Why China is letting its digital slaves rise up

In one week in late April, the Hong Kong-based China Labour Bulletin recorded at least 29 instances of labour unrest in China. They included protests against unpaid wages at a recycling company, a taxi drivers' strike, two food delivery drivers' strikes, a protest over unpaid pensions at a mining company and a sanitation workers' strike over non-payment of overtime and other wages.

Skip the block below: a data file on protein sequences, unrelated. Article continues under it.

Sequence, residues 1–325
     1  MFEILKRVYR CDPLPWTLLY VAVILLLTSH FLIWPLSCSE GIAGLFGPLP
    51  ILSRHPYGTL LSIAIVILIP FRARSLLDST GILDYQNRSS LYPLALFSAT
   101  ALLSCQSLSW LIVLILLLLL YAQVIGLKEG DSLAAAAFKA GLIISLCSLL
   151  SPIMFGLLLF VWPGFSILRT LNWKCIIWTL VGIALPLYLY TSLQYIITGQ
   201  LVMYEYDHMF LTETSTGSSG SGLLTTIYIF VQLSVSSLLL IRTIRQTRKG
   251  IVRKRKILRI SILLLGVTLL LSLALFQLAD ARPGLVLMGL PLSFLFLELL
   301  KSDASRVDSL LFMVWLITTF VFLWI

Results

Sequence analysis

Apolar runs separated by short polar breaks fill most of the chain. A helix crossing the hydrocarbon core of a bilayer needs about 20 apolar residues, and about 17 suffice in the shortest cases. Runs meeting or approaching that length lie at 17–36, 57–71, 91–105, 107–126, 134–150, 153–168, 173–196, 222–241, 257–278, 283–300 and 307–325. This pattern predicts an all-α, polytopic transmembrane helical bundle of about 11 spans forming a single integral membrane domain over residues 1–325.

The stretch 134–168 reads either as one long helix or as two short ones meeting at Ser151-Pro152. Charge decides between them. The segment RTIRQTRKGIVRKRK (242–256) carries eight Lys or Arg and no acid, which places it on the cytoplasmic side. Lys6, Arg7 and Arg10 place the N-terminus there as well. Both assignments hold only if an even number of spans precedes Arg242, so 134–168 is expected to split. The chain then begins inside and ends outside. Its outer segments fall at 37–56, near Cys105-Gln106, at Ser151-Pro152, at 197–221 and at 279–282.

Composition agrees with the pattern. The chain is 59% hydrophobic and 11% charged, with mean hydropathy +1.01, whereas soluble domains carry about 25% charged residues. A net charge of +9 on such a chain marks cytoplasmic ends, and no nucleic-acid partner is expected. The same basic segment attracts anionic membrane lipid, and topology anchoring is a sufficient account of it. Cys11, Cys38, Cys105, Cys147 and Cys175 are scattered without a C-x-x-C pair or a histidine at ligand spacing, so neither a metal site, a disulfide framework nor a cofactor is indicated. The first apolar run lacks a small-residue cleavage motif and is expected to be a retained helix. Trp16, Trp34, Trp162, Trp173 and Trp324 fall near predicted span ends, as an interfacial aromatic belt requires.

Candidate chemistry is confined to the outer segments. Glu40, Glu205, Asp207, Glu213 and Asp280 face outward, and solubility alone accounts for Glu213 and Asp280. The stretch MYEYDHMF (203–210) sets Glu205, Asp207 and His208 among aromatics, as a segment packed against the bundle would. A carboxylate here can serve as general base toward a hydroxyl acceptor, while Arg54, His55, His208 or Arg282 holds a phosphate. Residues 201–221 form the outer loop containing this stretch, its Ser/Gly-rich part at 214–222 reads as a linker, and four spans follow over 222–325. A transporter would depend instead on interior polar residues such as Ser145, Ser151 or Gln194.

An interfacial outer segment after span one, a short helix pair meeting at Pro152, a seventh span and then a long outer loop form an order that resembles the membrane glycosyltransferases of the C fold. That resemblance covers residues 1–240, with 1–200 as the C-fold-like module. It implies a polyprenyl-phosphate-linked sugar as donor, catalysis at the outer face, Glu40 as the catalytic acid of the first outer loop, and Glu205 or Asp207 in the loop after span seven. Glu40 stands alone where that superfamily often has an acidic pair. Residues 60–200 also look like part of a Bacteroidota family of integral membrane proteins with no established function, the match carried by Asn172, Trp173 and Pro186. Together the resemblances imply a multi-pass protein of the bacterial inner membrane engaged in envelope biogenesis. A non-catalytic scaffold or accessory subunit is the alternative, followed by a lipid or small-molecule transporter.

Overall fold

None of these incidents was reported in China's state-run press. Details emerged only on social media and, if posted on China-based platforms, were soon deleted.

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A version of this article appeared in the print edition of The Straits Times on May 03, 2019, with the headline 'Why China is letting its digital slaves rise up'. Print Edition | Subscribe